Because OCC is "the administrator charged with supervision of the [NBA]," this Court has repeatedly applied Chevron deference to OCC's interpretations of ambiguous provisions in the Act. NationsBank v. Vari able Annuity Life Ins. Co., 513 U.S. 251, 256-257 (1995) (citing Clarke v. Securities Indus. Ass'n, 479 U.S. 388, 403-404 (1987), and Investment Co. Inst. v. Camp, 401 U.S. 617, 626-627 (1971)). Indeed, the Court has stated that the Comptroller's special authority to administer the NBA warrants deference to his interpretations even when they are not adopted through notice-and-comment rulemaking or formal adjudication. Mead Corp., 533 U.S. at 230-231 & n.13 (citing NationsBank, supra). In this case, OCC's interpretation of the relevant NBA pro vision is set forth in a published regulation that was pro mulgated after full notice-and-comment procedures. 69 Fed. Reg. 1895 (2004); 68 Fed. Reg. 6363 (2003); 64 Fed. Reg. 60,092 (1999); 64 Fed. Reg. 31,749 (1999). The reg ulation was issued pursuant to the Comptroller's broad authority to prescribe rules and regulations to "carry out the responsibilities of the office," 12 U.S.C. 93a, which include administration of the NBA and other fed eral banking laws. NationsBank, 513 U.S. at 256. Ac cordingly, OCC's interpretation of the term "visitorial powers" is controlling if it is reasonable.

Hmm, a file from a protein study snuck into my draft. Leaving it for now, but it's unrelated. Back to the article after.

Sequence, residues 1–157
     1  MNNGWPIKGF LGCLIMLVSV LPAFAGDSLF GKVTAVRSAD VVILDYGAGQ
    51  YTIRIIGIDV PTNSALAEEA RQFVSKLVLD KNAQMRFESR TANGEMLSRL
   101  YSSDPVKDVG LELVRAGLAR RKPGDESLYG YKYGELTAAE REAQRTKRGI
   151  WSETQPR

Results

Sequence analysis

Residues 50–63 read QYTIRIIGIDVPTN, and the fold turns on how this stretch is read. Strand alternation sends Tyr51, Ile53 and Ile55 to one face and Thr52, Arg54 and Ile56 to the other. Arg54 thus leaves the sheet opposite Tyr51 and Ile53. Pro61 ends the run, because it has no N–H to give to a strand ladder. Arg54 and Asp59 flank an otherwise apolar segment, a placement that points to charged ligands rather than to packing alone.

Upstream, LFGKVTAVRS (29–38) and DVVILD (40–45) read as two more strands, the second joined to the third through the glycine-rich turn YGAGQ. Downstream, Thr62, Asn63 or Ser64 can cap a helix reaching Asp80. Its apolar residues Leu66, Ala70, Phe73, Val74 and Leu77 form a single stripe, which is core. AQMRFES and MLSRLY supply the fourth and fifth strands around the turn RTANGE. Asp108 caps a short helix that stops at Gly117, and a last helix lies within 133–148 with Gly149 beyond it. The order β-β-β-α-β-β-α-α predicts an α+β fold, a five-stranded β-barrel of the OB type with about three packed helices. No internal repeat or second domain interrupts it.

B. Petitioner's Arguments Against Applying Chevron Def erence Are Not Persuasive
1. OCC's regulation does not alter the federal-state bal ance
Petitioner (Br. 43-45) contends that OCC's regula tion is not entitled to Chevron deference because it pro duces a "major alteration in the federal-state balance of authority." Pet. Br. 43. Far from altering the tradi tional allocation of responsibilities between the federal and state governments, the regulation is consistent with this Court's repeated statements that national banks are created by the government to serve federal purposes and that oversight of the banks is therefore principally entrusted to the United States.
"Nearly two hundred years ago, in McCulloch v. Maryland, [17 U.S. 316,] 4 Wheat. 316 (1819), this Court held federal law supreme over state law with respect to national banking." Watters, 550 U.S. at 10. "National banks are instrumentalities of the Federal government, created for a public purpose, and as such necessarily subject to the paramount authority of the United States." Davis, 161 U.S. at 283. As this Court has re peatedly recognized, "the States can exercise no control over [national banks], nor in any wise affect their opera tion, except in so far as Congress may see proper to per mit." Watters, 550 U.S. at 11 (quoting Farmers' & Mechs'. Nat'l Bank, 91 U.S. at 34). Interpreting Section 484 to preclude state enforcement of laws concerning "activities authorized or permitted pursuant to federal banking law" (12 C.F.R. 7.4000(a)(2)(iii)) therefore sim ply reserves to the federal government its traditional responsibility for the enforcement of laws that regulate the performance by federal instrumentalities of their federally authorized activities.